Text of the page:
Quilter has completed the second phase of its platform migration, shifting a further 70 per cent of assets to its new technology.
Over the weekend, some 2,000 advice firms using the Old Mutual Wealth platform were transferred to the firm’s new platform with the site now live for advisers and customers involved in the migration.
The latest transfer brings the total amount of assets transferred to 80 per cent of the platform’s total, with the final 20 per cent expected to migrate in early 2021.
Steven Levin, chief executive at Old Mutual Wealth, said: “Our teams have been working hard to complete the migration and I’m pleased to confirm our new technology platform is now live for our advisers and customers in our second phase.
“We are monitoring closely for any areas that may require extra attention over the coming weeks and support is in place to identify and manage these.
“We are focused on ensuring our customers and advisers are well supported every step of the way whilst preparing for our final migration in early 2021.”
The road to replatforming has been long and costly for Quilter. The company has spent about £360m on the project since it began in 2014, and it switched technology providers in 2017.
Advisers included in the second tranche of transfers were initially expected to migrate by the end of summer, but the Covid-19 outbreak pushed that date back first to October and then again to the end of November.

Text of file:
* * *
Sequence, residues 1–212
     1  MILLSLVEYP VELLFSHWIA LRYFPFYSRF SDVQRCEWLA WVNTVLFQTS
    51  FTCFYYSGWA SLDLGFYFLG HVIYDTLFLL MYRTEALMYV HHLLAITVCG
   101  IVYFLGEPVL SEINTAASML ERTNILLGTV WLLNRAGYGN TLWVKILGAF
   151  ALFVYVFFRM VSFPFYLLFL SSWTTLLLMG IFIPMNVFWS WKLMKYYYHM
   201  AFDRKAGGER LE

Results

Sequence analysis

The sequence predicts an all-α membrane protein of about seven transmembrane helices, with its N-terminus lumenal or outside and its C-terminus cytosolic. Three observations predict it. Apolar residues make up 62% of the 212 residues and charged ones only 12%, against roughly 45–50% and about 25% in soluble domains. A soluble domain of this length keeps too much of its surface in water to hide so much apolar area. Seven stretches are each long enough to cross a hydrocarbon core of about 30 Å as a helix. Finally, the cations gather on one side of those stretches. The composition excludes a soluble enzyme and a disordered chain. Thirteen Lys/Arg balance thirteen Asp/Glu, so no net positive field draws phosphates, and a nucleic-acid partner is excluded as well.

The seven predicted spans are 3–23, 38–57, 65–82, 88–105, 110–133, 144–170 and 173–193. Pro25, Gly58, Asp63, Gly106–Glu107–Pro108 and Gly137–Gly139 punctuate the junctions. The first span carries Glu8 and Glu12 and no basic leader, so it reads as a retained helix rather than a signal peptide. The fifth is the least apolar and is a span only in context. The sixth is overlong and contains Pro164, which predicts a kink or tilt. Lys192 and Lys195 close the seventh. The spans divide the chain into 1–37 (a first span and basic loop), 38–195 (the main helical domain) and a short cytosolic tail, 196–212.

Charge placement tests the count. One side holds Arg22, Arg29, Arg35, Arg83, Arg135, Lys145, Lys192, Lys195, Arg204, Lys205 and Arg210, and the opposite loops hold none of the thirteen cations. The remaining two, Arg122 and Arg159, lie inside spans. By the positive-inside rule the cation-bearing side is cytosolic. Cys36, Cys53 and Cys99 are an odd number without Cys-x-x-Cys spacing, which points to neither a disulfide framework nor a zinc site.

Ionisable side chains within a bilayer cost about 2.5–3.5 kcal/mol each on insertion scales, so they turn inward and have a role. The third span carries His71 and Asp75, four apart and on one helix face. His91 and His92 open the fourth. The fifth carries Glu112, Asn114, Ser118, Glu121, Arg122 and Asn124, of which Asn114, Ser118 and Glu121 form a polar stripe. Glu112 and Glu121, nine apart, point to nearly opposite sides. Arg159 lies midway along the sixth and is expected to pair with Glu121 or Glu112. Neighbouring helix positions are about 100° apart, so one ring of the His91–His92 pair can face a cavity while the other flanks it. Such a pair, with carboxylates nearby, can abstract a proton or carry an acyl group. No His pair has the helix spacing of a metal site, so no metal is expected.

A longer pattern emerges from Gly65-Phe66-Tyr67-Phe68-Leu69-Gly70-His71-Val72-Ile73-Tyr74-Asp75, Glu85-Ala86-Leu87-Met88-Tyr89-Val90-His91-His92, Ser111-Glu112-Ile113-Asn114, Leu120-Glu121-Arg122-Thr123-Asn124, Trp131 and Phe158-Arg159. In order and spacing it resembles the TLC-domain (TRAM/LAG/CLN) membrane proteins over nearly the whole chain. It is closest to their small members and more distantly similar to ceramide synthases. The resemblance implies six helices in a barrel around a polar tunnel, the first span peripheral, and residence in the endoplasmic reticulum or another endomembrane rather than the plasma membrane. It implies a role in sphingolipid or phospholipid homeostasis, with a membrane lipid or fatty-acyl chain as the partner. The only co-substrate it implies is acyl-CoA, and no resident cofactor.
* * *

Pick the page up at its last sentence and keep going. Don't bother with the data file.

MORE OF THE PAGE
Jeremy Mugridge, Quilter’s head of UK proposition marketing, told FTAdviser the firm really wanted to “kick off” its plans for the platform, but was focused on advisers and customers migrating safely before revealing the future of the site.
He added that the platform had already improved since the first wave of transfers in February, including the addition of a cash account, automated cash management for fees and charges and the ability to backlog trades.
Quilter previously told FTAdviser it had “learned some lessons” from other platforms that had done similar changes and had therefore split up migration groups and pushed deadlines back to be “extra cautious”.
Over the past few years platforms have been beset by a range of problems following upgrades and replatformings.
It resulted in the Financial Conduct Authority sounding the alarm on replatforming issues earlier this year, urging platforms to make sure any technology upgrades were “adequately planned and tested” before they were rolled out to advisers and consumers.
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